22 May 2008

Self-Righteous Enlightenment

Today, after watching a "controvertial" documentary about discrimination against an extremely marginalized group with a party of 50 or so people, things degenerated quickly.

One person reacted very disrespectfully (I did not see their reaction)and some of the other people in the group, justifiably, were very much offended by the persons reaction. Many of other members of the group, including one of the leaders, leapt eagerly at the opportunity to attack the person for their reprehensible behavior, despite the fact that he expressed tearful remorse and regret. At no point did the person try to excuse themself, but rather, openly admitted the innapropriateness of their behavior.

My reaction was instantaneous. I felt that in a group of voluntary association, as this one was, in which all the members were to some extent or another actively attempting to confront the insidiously heirarchical American cultural system, it was antithetical to attack a person for reprehensible discriminatory views. I will here attempt to justify my reasoning; this is not an attemopt to excuse or justify the bahavior of anyone involved, rather it is a universal implication. "There is no heirarchy of oppresions. Each is terrible and destructive."



The purpose of this association is to acknowledge the existence, and interconnectedness of the causes and sytems of injustice and discrimination, find ways in which we collude, and discover ways to dismantle and resist those systems.

Attacking an individual for their wrong beliefs in that context does not address the cause of the beliefs, which in my understanding is the core purpose of this voluntary association. Attacking the individual is a short term solution to a long term problem.

Being in a position of "oppressed" does not give the right to righteous judgement, rather, it should afford a person the opportunity to operate from a position of understanding of the condition. Granted, it is not an easy position to take, particularly when attacked.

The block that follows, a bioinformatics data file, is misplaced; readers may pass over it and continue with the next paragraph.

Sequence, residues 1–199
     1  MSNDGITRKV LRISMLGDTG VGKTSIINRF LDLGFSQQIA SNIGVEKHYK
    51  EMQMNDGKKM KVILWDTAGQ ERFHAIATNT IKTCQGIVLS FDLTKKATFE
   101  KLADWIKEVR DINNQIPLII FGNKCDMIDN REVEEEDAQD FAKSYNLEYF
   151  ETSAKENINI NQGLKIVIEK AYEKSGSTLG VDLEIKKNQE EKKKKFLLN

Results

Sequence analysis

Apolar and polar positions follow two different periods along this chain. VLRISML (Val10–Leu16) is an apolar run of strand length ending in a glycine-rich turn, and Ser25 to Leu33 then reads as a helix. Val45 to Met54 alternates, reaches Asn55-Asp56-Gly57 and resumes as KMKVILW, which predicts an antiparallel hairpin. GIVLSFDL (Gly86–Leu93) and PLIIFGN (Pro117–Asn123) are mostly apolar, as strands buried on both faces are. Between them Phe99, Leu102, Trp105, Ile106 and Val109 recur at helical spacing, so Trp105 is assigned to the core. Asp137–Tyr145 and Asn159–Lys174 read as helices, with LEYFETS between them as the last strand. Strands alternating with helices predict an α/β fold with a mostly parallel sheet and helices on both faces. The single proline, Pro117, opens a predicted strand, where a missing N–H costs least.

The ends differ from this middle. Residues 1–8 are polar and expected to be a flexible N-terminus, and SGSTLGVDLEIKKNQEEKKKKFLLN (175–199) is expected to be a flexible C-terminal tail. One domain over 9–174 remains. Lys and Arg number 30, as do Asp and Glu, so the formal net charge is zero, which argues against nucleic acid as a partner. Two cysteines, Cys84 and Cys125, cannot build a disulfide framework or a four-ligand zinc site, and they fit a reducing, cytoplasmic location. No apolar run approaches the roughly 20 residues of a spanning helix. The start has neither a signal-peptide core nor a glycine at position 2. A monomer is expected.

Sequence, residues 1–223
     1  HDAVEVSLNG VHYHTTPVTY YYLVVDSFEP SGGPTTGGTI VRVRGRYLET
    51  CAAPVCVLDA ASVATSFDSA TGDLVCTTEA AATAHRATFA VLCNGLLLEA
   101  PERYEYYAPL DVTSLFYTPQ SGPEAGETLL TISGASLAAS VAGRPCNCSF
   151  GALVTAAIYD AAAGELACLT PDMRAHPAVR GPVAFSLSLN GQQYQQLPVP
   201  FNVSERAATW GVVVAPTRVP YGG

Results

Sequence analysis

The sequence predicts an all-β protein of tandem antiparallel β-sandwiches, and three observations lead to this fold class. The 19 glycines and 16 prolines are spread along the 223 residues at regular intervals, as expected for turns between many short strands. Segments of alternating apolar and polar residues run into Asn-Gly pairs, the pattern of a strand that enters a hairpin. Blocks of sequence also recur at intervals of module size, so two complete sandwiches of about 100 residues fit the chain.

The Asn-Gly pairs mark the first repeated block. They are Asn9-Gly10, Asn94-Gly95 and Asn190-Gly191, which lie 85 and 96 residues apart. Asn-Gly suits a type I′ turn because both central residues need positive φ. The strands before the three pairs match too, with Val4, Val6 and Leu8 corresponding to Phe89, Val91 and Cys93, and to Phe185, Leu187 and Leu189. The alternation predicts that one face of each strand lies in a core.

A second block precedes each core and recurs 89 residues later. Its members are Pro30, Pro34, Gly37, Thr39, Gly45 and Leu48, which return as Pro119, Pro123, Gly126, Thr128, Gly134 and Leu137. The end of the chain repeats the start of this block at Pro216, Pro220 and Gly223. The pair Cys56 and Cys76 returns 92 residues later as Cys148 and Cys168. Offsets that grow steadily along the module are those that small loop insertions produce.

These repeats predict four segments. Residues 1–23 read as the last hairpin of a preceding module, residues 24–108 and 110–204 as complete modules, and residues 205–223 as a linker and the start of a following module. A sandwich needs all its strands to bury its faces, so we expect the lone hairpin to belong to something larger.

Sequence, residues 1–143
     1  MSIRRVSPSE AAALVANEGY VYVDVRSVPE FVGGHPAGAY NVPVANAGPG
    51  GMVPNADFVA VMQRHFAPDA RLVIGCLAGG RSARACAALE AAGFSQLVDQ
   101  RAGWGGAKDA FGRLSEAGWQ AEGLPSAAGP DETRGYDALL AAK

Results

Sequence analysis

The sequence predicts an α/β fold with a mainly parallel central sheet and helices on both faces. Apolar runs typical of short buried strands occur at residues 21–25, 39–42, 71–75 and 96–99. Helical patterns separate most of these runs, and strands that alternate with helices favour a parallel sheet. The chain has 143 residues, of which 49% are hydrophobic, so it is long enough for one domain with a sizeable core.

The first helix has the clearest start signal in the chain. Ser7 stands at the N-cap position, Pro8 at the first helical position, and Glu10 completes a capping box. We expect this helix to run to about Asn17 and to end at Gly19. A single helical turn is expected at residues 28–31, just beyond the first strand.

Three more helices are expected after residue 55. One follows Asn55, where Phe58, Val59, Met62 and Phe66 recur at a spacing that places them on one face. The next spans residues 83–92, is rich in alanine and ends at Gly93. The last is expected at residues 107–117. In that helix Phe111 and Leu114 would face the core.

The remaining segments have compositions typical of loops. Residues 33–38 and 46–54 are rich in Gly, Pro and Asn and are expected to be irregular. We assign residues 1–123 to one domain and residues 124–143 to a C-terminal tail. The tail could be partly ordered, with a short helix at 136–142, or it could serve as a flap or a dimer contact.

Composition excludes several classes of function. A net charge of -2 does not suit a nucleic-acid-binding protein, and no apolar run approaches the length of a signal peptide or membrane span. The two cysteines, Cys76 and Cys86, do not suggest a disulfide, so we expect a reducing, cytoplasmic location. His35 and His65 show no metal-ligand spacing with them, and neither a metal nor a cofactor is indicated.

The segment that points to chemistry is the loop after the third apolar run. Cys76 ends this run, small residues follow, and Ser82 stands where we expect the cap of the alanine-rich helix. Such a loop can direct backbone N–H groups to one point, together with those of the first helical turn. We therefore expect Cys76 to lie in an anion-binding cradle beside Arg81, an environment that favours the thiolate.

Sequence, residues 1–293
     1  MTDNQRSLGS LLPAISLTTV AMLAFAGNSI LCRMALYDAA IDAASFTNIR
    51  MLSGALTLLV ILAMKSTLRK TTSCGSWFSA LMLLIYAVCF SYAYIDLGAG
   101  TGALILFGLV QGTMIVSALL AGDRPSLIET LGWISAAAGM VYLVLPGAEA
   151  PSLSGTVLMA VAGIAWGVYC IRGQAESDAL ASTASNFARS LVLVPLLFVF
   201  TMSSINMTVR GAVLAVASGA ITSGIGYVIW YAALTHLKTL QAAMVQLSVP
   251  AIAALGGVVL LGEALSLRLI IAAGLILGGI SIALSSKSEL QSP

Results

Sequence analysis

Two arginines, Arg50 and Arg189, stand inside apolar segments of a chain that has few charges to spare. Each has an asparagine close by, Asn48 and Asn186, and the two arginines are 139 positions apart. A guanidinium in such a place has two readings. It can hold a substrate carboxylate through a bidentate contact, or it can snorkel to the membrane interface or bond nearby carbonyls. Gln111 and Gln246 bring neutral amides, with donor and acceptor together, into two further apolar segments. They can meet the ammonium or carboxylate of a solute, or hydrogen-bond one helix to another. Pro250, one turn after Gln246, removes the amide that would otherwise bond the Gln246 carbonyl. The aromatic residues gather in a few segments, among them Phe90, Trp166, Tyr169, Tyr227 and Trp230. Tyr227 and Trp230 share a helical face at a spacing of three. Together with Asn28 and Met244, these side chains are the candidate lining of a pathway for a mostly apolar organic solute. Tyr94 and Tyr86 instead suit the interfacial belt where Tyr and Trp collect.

The very real oppression, persecution and butchery of the Jews by numerous other groups in history does not afford them the right to oppress and persecute others any more than the Serbs hyperbolic percieved persecution gave them the right to reciprocally oppress and butcher the Albanians and Croats.

If I believe that violence in any form; verbal, emotional or physical, is wrong, then I believe that violence, even against my enemy, is wrong.

If we seek an end to oppression in all forms, does this not mean that we must end our own personal oppression of others on an all levels?

Attack the issue, educate the followers. Attacking followers creates devotees.

I vigorously disagree with the statement that "sometimes we have to bring up the difficult issues", requires a verbal group attack on the individual(s) whose views are wrong. Violence, verbal or otherwise, has never to my knowledge solved any problem in the long term. In fact, it seems to me that in this context the purpose is to confront and undermine the use of violent power in all its manifestations.

Cruelty does not rectify cruelty.
Abuse of power does not justify vengeance. Neither does it excuse an individual from behaving in an offensive and discriminatory manner.
However, to convulse with arrogant rage and revulsion is to resort to the same boring tactics used by the oppressors.

It is simply; self-righteous enlightenment.

3 comments:

PT said...

Amen Brother. It takes a lot of reprogramming to put the truth of this in action on a day to day basis. Although I believe your opinion to be true I have been guilty of this on many occasions.

Tennessee C. said...

I agree completely. Attacking people doesn't negate an idea. Only better ideas can do that.

The Goodkind said...

I wrote this a number of years ago, but recent attention has caused me to re-read this essay/rant and I still think it is pertinent.

It should be noted that I am a white heterosexual male and therefore not in a position of 'experience' regarding oppression here.

Still I regard the public 'shaming' of this person to have been excessive and uninstructive. And I still think that education and the exploration of empathy is the nearest way of finding common ground.

Empathy is also I believe, the basis of moral philosophy, hence my desire for liberation.